Synthetic peptides and peptide-pulsing of DC A human immunodominant peptide, HER2p63 (TYLPTNASL), derived from the c-erbB-2/HER2/neu protooncogene was synthesized by Mitsubishi Chemical Co., Yokohama, Japan, as described previously by Nagata et al (1997) and Okugawa et al (2000). This peptide sequence has HLA-A2402 anchor motifs and the purity of peptides exceeded 95%. Peptides were dissolved in PBS, pH 7·4, at a concentration of 1 mg/ml and stored at 4°C until use. DC (1 × 106) were pulsed with HER2p63 at 10 µmol/l for 1 h at room temperature and for an additional 1 h at 37°C in a humidified atmosphere flushed with 5% CO2 (Ikuta et al, 2000; Okugawa et al, 2000). HER2p63-pulsed DC were assessed for enzyme-linked immunospot (ELISPOT) assay.
ELISPOT assay The ELISPOT assay was carried out as follows: 96-well nitrocellulose MAHA S4510 Millipore plates (Millipore, Bedford, USA.) were coated with 10 µg/ml of anti-interferon-γ (IFN-γ) mAb, 1-D1K (Mabtech, Stockholm, Sweden) overnight at 4°C. The plates were washed with PBS and treated with 10% heat-inactivated human AB serum for 2 h at 37°C to block non-specific binding. PBMCs (1 × 106 cells/well) from HLA-A2402+ volunteers were cultured with HER2p63-pulsed or non-pulsed irradiated DC in 24-well plates (Nunc) containing RPMI-1640 medium with 10% autologous serum for 7 d. After washing three times with PBS, the PBMCs were recultured with newly prepared HER2p63-pulsed or non-pulsed irradiated DC in RPMI-1640 medium with 10% autologous serum in the presence of 20 IU/ml of IL-2. After a 7 d culture period, the PBMCs were washed three times with PBS and added at designated concentrations to the ELISPOT plates together with 1 × 105 cells/ml of newly prepared HER2p63-pulsed or non-pulsed irradiated DC. After a 24 h incubation, the plates were washed six times with PBS containing 0·05% Tween, incubated with 1 µg/ml of biotinylated anti-IFN-γ mAb, 7-B6–1 (Mabtech), at 37°C for 2 h, and washed and reacted with 1 µg/ml of streptoavidin-alkaline phosphatase (Mabtech) for 1 h. After washing three times with PBS, the plates were stained using an alkaline phosphatase conjugate substrate Kit (BioRad, Hercules, USA). The spots were counted using the Axioplan 2 imaging analysis system (Carl Zeiss Vision, Hallbergmoos, Germany).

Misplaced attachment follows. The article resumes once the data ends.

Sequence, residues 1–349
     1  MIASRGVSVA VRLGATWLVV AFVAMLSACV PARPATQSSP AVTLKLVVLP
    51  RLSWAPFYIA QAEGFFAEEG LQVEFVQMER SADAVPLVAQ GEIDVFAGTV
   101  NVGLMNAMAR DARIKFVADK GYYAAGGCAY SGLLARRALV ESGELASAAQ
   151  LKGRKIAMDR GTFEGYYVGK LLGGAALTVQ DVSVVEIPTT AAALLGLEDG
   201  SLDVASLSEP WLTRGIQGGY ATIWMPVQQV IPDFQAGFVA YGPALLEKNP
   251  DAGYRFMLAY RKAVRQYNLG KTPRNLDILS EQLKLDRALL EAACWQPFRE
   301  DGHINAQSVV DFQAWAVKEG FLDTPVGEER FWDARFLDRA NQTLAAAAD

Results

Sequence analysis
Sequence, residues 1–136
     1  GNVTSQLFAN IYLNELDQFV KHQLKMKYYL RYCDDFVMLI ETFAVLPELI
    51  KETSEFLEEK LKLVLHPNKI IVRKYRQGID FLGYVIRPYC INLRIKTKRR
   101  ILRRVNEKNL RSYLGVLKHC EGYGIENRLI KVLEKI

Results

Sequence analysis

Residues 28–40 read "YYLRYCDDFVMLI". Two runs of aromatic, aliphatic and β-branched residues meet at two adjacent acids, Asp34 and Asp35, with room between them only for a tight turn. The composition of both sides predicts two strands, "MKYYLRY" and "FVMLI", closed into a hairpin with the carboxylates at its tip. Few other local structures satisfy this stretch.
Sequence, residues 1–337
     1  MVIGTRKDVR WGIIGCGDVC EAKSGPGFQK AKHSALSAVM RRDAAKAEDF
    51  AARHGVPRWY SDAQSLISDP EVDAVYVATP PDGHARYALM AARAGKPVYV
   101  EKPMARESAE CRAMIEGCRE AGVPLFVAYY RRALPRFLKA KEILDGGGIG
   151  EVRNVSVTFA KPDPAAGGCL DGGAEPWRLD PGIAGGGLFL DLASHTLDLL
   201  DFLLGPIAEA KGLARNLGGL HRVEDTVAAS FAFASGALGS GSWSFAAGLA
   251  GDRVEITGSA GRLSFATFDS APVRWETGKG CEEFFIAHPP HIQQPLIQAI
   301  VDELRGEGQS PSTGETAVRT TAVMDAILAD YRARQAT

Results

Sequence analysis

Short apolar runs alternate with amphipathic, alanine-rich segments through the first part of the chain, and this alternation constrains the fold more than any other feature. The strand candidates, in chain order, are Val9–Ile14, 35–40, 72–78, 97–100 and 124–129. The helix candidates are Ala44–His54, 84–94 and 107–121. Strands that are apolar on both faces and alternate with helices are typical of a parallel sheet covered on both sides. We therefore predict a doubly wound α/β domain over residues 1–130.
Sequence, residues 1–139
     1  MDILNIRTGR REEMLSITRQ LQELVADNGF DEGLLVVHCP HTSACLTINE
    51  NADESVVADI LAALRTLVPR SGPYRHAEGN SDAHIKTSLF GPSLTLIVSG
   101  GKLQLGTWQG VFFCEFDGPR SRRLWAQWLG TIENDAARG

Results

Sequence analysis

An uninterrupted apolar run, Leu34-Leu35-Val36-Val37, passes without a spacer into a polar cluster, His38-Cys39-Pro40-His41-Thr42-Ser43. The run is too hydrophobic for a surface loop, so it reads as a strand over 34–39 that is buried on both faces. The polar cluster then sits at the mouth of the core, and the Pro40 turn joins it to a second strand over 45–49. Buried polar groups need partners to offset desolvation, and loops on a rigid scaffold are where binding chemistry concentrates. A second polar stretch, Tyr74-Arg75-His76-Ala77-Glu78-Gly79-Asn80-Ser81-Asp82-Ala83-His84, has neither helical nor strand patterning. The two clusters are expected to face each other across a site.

Expression of CD14 and generation of DC by PBMCs
PBMCs were separated into four populations, based on adherence and CD14 expression. The adherent CD14+, adherent CD14−, non-adherent CD14+ and non-adherent CD14− fractions were tested for DC generation using 5 d culture in 10% FCS RPMI-1640 medium with GM-CSF and IL-4. Previously, we had observed that when CD14+ cells were cultured in 10% FCS RPMI-1640 medium with GM-CSF and IL-4, CD1a+CD14− DC and CD1a−CD14+ macrophages were generated (Mitani et al, 2000). Because of this, we evaluated CD1a+CD14− cells as DC under these conditions. The results from a representative study and are presented in Fig 1. CD14+ cells comprised approximately 15% and 10% in adherent cell and non-adherent cell fractions respectively. The majority of DC were recovered from CD14+ cells in both adherent and non-adherent cell fractions. In contrast, CD14− cells in adherent and non-adherent cell fractions gave rise to a small number of DC. CD14+ cells were then used as target cells for subsequent experiments.
Generation of DC by CD14+ cells supported by autologous plasma, autologous serum or HSA